Sunday, 12/11/2016, Third Sunday in Advent
First Reading Commentary Isaiah 35:1-6a, 10
In this part of his prophecy, Isaiah is telling us that when the Lord comes, Israel will be delivered. Isaiah's message was written for the people of his time but when we consider Israel in this prophecy, we include all, of the faithful; past, present and future. Isaiah is telling us that everyone who puts their faith in God will see God’s glory and splendor.
As we wait for the day that we celebrate the birth of Jesus, we are constantly reminded by Isaiah’s prophecies that we also await the day of His second coming. Jesus came into this life as a poor baby and lived a life of humility. But when He comes again, Jesus will radiate all, of His splendor and glory.
Isaiah is telling us that we are not to keep the coming of the Lord a secret. We are to share this news with the world, especially with those who are feeble, weak and frightened. Isaiah says to tell them, “Be strong, fear not! Here is your God.” And, in order, for us to share this message, we have, to first embrace it with, our hearts.
In today’s world, it is unpopular to discuss religion so most of us shy away from such conversations. But there are those who do want to hear God’s Word and they are waiting for someone to share it with them. They may be afraid to ask but they are willing to listen and it is our calling in baptism to share God’s Word with them. The strength, courage and fortitude that comes with faith, all of which comes from the Holy Spirit, will give us the encouragement to answer the call. All we have to do is be willing to serve God by answering the call.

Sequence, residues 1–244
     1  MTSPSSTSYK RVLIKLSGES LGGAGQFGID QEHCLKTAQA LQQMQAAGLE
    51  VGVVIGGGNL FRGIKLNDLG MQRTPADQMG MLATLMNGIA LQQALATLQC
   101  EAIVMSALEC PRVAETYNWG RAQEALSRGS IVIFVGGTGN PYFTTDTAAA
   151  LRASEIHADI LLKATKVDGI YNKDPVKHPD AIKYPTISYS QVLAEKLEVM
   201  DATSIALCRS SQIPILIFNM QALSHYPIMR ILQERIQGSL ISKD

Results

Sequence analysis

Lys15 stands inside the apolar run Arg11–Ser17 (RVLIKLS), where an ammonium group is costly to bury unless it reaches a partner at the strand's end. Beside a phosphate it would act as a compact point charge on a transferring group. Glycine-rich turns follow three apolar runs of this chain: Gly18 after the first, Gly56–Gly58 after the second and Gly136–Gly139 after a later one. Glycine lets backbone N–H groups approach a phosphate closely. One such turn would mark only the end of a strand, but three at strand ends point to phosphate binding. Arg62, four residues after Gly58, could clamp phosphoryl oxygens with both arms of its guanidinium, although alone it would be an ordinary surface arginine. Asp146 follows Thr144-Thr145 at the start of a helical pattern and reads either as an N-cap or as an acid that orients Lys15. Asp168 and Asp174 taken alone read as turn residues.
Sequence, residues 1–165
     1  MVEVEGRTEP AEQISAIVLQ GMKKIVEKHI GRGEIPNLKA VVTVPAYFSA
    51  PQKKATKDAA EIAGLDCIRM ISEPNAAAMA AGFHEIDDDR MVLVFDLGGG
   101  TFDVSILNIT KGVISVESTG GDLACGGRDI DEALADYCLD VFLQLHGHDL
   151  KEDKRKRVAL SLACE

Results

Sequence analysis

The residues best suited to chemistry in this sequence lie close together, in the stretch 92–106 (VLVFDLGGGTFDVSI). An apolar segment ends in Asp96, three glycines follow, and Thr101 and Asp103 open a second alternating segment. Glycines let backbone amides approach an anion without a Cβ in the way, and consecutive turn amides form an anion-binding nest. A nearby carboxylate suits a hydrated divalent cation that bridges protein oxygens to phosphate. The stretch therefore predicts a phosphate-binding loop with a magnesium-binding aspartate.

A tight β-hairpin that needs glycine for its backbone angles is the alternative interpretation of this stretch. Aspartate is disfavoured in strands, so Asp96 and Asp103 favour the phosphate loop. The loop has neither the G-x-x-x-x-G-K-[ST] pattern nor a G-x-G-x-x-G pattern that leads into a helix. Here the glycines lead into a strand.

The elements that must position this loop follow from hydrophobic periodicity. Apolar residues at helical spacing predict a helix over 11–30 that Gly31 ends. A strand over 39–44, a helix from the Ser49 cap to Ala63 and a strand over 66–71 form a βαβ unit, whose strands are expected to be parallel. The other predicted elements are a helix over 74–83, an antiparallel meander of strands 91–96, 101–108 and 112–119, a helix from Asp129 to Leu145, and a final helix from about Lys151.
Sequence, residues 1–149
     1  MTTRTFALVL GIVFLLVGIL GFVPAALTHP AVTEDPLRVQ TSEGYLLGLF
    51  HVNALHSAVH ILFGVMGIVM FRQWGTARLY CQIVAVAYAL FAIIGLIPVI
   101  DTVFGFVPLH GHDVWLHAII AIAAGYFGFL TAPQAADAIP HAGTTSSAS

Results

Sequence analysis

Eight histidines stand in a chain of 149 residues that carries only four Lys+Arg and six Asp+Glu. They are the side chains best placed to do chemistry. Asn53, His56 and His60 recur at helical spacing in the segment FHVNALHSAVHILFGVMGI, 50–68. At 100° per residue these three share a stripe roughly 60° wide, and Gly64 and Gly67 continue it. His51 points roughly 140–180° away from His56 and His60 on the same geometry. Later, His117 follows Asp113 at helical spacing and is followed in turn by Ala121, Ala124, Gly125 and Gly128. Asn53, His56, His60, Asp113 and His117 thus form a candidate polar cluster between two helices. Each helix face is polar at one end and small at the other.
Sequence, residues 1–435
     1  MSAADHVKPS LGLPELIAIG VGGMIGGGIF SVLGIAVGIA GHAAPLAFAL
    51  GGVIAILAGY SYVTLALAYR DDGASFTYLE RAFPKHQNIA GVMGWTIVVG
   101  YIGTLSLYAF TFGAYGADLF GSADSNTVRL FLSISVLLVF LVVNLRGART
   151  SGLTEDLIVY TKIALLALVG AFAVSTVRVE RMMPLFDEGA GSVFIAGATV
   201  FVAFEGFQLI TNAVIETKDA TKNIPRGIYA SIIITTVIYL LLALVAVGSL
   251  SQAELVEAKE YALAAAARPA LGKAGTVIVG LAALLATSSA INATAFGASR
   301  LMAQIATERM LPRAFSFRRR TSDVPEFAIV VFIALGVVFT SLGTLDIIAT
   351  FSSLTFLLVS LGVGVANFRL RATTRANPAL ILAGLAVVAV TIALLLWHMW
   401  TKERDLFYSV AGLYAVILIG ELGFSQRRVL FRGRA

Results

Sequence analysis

But those who do not know God’s Word through no fault of their own, meaning that no one took the time to share it with them, will not be abandoned. This is another message that Isaiah repeats several times in his prophecies.
Today, Isaiah tells us that God will come with vindication and divine recompense to save us. In other words, God will take His wrath on those who have not allowed God’s Word to be shared and God will save those who have been denied.
What we learn in this prophecy should tell us that taking religion out of our schools is a bad move because in doing so, we are denying our children. We should be just as anxious to have our children learn about God as we are to have them learn math, science and reading. All, of the knowledge there is to have in academic subjects will do our children no good on the last day if they do not know God. We should educate our children giving them the ability to use their free will with intelligence.
God will make Himself known on the last day. Isaiah tells us that on that day, the blind will see, the deaf will hear, the lame will leap and the mute will sing. This includes those of us who have faith because all of us are sinners and therefore fall victim to at least one of these afflictions each time that we sin.
Isaiah tells us that everyone who is ransomed by the Lord will be crowned with everlasting joy. And just who will that be? Anyone and everyone who truly wants to be with Christ will be ransomed by Him. On that day, there will be no more sorrow and no more mourning. This is the promise of deliverance made by Christ in His covenant with us which is the Kingdom of Heaven.